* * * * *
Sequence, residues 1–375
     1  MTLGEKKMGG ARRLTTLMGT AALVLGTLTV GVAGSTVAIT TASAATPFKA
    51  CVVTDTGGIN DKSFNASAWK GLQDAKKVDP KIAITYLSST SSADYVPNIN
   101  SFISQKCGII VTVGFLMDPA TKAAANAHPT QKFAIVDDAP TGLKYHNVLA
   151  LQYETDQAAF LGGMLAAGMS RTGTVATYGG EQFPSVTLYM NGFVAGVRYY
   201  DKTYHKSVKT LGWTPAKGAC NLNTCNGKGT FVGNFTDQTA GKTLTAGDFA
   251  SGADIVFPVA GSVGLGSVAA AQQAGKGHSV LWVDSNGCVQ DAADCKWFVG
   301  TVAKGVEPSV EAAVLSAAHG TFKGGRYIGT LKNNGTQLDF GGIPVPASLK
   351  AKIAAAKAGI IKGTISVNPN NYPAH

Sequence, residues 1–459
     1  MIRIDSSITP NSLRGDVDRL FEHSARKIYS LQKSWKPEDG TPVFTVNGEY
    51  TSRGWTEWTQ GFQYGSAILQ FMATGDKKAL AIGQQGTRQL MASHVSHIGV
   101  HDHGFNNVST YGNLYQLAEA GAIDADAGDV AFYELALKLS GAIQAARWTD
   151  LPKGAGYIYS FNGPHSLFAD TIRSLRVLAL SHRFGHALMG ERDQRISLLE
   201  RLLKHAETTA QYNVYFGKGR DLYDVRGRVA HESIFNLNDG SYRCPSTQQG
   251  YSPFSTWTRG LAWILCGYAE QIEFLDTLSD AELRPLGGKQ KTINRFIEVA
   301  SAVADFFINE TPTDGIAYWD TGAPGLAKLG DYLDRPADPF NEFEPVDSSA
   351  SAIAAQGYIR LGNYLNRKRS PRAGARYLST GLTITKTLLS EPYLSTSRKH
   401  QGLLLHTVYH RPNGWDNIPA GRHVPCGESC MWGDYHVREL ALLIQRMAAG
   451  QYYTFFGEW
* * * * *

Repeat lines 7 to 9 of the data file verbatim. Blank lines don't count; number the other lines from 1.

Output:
   251  SGADIVFPVA GSVGLGSVAA AQQAGKGHSV LWVDSNGCVQ DAADCKWFVG
   301  TVAKGVEPSV EAAVLSAAHG TFKGGRYIGT LKNNGTQLDF GGIPVPASLK
   351  AKIAAAKAGI IKGTISVNPN NYPAH